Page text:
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Labor & Employment News Alert

The Coronavirus: Q & A For Employers

March 11, 2020

By: Justin M. Harrison

On Wednesday, March 11, 2020, the World Health Organization (“WHO”) announced that the coronavirus (“COVID-19”) has become a pandemic.  The virus has infected nearly 120,000 people in 114 countries.  More than 4,000 have died.  We answer some basic questions that employers have presented.


Question:        I have an employee with flu-like symptoms.  Can I send them home or ask them to seek medical attention?


 Answer            Yes.  State and federal laws permit employers to require medical examinations of employees so long as the medical examination is necessary to determine if an employee’s ability to work has been impaired, or if the employee poses a direct threat.  The Centers for Disease Control recommends that employees with acute respiratory illness (i.e., cough, shortness of breath) should stay home and not come to work until they are symptom free for 24 hours without the aid of medicine.  If you have an employee with a significant cough or otherwise appears to be ill, you can send the employee home and ask them to seek medical attention.  You can also ask the employee to return to work with a doctor’s note that indicates the employee’s ability to work without posing a risk of harm to co-workers. 


 Question:        I have an employee that has been exposed to the coronavirus, but they do not show any symptoms.  Can I require them to self-quarantine?


 Answer:           Yes.  The CDC is encouraging employees who have been exposed to the COVID-19 to conduct a risk assessment and self-quarantine.  In fact, you can require employees to self-report if they have been exposed to COVID-19 either at home or while they were on personal travel.  You can ask the employee to stay home for several days until it is clear that the employee is symptom-free.  Presently, the CDC recommends a 14-day quarantine period.


 Question:        Is an employee with COVID-19 protected by the Americans with Disabilities Act?

Answer:           Possibly.  Several courts have held that a short unpaid leave of absence may qualify as a reasonable accommodation, even if the employee is temporarily unable to perform any work;  however, employees who pose a “direct threat” to the health or safety of other individuals may not be protected by the nondiscrimination provisions of the ADA.  Whether an employee poses a direct threat must be determined by objective information on a case-by-case basis.  Subjective perceptions, including generalized fear of COVID-19, will not constitute a direct threat.  Additionally, consideration must be given to the duration of the condition.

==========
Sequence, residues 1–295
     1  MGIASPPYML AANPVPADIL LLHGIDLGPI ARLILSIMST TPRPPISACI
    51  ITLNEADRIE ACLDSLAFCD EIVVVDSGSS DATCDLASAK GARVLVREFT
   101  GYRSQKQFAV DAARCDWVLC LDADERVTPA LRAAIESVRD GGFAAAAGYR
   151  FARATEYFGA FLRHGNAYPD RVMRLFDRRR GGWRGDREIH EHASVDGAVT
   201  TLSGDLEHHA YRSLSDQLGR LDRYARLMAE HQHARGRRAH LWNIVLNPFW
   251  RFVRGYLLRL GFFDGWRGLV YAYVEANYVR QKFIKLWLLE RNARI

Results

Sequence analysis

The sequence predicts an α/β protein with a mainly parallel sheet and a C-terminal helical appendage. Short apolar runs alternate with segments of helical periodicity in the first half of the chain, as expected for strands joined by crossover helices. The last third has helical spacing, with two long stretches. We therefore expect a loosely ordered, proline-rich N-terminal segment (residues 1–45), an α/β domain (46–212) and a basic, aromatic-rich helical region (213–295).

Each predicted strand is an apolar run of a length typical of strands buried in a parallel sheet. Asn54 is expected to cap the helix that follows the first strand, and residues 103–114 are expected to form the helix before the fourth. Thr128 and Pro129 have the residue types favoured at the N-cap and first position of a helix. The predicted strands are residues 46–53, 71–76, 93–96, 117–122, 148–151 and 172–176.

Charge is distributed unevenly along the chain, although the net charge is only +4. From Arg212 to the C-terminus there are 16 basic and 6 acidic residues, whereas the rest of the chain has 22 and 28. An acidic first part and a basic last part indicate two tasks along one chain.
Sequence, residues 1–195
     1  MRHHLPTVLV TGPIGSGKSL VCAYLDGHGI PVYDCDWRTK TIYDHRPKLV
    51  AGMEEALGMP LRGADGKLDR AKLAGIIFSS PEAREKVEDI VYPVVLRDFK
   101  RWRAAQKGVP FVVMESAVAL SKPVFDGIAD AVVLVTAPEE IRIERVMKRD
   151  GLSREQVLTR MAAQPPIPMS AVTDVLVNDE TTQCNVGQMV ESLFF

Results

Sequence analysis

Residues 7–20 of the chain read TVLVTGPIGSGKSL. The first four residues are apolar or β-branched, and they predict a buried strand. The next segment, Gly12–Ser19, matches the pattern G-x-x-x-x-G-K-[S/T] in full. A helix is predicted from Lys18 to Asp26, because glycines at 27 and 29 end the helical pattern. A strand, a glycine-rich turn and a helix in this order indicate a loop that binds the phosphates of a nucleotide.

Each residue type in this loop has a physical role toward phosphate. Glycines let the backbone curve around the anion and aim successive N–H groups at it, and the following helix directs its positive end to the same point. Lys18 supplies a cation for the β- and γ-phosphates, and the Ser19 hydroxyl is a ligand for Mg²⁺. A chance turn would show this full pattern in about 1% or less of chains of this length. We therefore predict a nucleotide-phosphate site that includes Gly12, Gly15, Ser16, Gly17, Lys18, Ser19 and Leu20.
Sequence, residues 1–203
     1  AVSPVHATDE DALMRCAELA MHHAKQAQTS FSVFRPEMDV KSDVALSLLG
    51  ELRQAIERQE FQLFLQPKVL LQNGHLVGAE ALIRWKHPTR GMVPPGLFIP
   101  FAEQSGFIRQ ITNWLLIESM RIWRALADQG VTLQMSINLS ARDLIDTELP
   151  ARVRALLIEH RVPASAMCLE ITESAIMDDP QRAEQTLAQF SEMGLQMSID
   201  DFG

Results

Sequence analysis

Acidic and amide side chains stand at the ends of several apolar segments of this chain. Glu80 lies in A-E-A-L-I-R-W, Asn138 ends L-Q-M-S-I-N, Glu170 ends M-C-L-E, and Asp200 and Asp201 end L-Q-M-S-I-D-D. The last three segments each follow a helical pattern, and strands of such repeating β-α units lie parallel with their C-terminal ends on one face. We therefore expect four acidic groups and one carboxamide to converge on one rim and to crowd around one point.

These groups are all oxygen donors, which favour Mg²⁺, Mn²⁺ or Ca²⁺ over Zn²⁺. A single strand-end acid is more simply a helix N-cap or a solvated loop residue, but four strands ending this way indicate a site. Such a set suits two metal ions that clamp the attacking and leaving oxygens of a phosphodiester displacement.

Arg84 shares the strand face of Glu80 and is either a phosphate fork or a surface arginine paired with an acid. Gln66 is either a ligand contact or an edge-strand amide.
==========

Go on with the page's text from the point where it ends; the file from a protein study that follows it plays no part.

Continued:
Question:        Our local health department has issued a mandatory quarantine order for one of my employees.  The employee has been off work for a month and is not eligible for any additional leave.   Can I terminate her employment due to absenteeism?

Answer:           Probably not.  Employers should tread carefully and consult with legal counsel before discharging an employee who has been quarantined by a governmental agency.  Many states prohibit employers from discharging an employee if doing so violates public policy.  Even if the employee has exhausted all available leave, the better course of action in this instance may be to place the employee on an unpaid leave of absence pending resolution of the quarantine order. 

Question:        Can I require an employee to take FMLA leave if they have been exposed to COVID-19?

Answer:           Depends.  If the employee has been diagnosed with COVID-19 and the employee’s physician has certified it as a serious health condition, then an employer can require an employee to use FMLA leave.  If an employee has been sent home to self-quarantine for 14 days, and a physician has not certified a serious health condition, then this absence does not qualify for FMLA leave. 

Question:         We had an employee return from an overseas vacation and several co-workers have since become infected with COVID-19.  Employees are claiming that our company is responsible for making them sick.  Are we liable to them? 

Answer:           Probably not.  Most employers are generally immune from civil liability under their state’s workers’ compensation system if employees become injured or sick during the course of their employment.  Exceptions exist, however, and employers should take care to make sure that employees are not intentionally exposed to individuals who have been exposed or infected by COVID-19.


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